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Keywords: Chenopodium quinoa
What is quinoa, botanically? Is it a grain, or something else?
The botanical name for Quinoa is Chenopodium quinoa. According to information from the Alternative Crops Manual produced by University of Wisconsin Extension, it is an annual plant in the goosefoot or Amaranthaceae family, which also includes the familiar weed, lambs' quarters or Chenopodium album. This article states that "Quinoa is sometimes referred to as a 'pseudocereal' because it is a broadleaf non-legume that is grown for grain unlike most cereal grains which are grassy plants. It is similar in this respect to the pseudocereals buckwheat and amaranth." Edible: An illustrated guide to the world's food plants (National Geographic, 2008) states that true cereals are members of the Poaceae or grass family, but quinoa more closely resembles spinach. It was first used as a food plant around 5000 B.C.E. near Lake Titicaca in the Andes, where it is native. Its common name in that region is "the mother grain."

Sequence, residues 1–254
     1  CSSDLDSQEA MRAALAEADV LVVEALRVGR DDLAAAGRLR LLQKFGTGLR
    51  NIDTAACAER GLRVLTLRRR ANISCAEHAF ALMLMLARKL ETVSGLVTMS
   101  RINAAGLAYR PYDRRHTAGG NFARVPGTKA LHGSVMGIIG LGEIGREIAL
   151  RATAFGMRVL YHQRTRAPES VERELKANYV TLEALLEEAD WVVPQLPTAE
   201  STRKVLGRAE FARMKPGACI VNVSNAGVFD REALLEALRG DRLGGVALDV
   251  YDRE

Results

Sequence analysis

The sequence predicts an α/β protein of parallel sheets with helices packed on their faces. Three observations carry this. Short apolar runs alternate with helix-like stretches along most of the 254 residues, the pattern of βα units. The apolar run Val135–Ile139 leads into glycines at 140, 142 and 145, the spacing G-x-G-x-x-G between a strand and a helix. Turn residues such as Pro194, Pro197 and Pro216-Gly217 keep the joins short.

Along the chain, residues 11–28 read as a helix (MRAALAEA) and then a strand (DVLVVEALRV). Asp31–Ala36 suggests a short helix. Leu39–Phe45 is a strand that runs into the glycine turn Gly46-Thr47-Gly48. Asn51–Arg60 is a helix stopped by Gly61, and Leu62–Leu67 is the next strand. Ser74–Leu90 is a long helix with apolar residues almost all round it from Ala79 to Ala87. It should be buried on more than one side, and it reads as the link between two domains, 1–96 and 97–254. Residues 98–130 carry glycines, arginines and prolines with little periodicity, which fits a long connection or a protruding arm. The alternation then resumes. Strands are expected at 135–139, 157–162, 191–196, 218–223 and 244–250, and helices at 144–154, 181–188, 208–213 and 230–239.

Incidentally, the Food and Agriculture Organization of the United Nations declared 2013 the International Year of Quinoa, "recognizing the Andean indigenous peoples, who have maintained, controlled, protected and preserved quinoa as food for present and future generations thanks to their traditional knowledge and practices of living well in harmony with mother earth and nature."
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March 29 2017 16:51:04